Unmet service needs of families of young children with chronic illnesses and disabilities

Sara A Axtell, Ann E Garwick, Joän Patterson, Forrest C. Bennett, Robert Wm Blum

Research output: Contribution to journalArticlepeer-review

14 Scopus citations


Data about health and educational services were collected from 187 families with young children (under two years) who have chronic illnesses and disabilities. The purpose was to assess parents' satisfaction with services their families received and to identify families' unmet service needs as well as the reasons for these unmet needs. Although families' ratings of the adequacy of services are relatively high, 28% of the families report unmet service needs. The unmet needs most often reported are occupational, physical, or speech therapy; respite care/child care; and special education. Lack of funding is the most commonly given reason for unmet needs. Children with multiple impairments are at highest risk for unmet needs. Only 22% of unmet needs reported at the initial interview have been met by the time of the six-month follow-up. Increased coordination and monitoring of services across service sectors are indicated.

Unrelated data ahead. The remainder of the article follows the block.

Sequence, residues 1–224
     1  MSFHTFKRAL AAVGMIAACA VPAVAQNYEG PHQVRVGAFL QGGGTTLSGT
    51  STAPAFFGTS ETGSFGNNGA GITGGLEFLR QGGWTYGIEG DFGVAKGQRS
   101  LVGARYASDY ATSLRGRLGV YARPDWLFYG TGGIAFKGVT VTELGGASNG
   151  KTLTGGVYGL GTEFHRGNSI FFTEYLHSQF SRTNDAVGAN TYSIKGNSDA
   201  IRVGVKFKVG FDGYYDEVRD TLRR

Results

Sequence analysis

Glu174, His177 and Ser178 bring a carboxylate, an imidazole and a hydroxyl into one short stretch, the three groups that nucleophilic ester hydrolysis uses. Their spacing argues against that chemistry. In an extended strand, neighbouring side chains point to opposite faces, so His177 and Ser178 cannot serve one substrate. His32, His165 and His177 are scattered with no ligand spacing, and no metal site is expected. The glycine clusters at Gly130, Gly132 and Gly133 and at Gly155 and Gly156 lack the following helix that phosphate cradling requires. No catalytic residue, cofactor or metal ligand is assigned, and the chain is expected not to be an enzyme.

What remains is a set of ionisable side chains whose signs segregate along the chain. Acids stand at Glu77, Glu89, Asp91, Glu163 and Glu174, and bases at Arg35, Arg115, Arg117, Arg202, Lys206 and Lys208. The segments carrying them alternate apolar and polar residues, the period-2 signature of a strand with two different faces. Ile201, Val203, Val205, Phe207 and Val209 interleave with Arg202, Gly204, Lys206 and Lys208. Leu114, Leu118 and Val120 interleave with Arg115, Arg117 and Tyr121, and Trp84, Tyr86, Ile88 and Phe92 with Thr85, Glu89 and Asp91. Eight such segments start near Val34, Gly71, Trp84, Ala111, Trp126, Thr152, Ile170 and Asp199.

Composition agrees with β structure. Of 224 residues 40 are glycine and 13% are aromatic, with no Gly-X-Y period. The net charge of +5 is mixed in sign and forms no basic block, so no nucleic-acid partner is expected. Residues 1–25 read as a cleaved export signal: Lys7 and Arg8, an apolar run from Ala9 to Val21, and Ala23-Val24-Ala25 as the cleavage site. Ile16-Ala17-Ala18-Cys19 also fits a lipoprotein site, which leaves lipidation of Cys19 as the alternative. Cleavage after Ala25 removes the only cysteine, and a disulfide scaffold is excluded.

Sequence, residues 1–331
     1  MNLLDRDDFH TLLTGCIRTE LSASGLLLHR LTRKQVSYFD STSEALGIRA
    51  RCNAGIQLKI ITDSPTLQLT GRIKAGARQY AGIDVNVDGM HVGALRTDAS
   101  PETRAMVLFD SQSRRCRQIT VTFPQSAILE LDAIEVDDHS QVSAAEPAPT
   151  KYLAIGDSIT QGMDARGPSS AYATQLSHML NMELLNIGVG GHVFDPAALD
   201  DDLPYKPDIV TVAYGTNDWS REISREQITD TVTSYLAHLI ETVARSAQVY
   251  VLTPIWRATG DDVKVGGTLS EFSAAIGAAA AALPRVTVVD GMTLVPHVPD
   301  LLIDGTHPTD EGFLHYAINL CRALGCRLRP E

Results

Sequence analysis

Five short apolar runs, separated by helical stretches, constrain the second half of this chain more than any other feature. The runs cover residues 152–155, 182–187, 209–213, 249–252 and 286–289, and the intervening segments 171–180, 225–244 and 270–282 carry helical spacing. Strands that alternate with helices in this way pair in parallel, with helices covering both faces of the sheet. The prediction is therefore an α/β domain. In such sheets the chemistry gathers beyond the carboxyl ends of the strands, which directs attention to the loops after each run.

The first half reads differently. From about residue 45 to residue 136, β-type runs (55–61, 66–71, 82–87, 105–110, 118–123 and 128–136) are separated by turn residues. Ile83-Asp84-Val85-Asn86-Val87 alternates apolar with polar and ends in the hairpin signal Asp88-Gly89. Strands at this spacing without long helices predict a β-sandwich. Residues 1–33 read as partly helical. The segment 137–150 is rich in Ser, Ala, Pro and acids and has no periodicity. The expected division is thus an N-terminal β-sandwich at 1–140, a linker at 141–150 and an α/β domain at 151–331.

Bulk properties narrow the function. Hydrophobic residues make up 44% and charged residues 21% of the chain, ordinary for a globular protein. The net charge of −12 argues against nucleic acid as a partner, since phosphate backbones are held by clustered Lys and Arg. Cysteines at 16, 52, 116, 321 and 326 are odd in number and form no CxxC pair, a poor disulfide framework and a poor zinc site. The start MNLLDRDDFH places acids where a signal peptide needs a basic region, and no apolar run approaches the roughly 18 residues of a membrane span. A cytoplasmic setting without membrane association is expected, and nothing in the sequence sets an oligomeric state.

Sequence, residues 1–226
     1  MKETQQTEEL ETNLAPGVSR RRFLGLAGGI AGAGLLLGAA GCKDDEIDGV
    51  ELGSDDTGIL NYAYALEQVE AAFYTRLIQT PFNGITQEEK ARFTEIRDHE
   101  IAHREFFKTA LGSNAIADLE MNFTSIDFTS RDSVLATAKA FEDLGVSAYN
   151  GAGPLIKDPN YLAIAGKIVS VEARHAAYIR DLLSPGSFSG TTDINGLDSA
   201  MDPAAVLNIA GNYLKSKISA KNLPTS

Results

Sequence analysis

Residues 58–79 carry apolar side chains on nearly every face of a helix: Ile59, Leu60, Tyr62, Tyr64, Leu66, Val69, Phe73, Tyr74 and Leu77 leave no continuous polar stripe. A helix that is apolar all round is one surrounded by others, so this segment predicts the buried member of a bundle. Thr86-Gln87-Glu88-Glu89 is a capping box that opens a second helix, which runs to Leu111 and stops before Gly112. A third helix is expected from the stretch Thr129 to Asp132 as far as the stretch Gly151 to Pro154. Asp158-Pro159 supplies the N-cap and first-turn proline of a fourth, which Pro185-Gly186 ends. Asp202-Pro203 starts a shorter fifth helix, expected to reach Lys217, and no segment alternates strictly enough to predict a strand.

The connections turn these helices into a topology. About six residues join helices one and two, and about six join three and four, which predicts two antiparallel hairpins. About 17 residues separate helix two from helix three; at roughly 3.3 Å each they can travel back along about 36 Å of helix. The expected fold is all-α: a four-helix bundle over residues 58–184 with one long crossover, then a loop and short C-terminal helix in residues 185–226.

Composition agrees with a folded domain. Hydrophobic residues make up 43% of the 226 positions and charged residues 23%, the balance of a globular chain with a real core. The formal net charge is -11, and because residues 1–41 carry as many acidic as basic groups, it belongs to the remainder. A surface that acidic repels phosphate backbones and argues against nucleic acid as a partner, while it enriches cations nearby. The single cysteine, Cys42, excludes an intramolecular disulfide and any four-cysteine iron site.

Original languageEnglish (US)
Pages (from-to)395-411
Number of pages17
JournalJournal of Family and Economic Issues
Issue number4
StatePublished - Dec 1995


  • childhood chronic illness
  • childhood disability
  • family needs
  • health care
  • satisfaction with services


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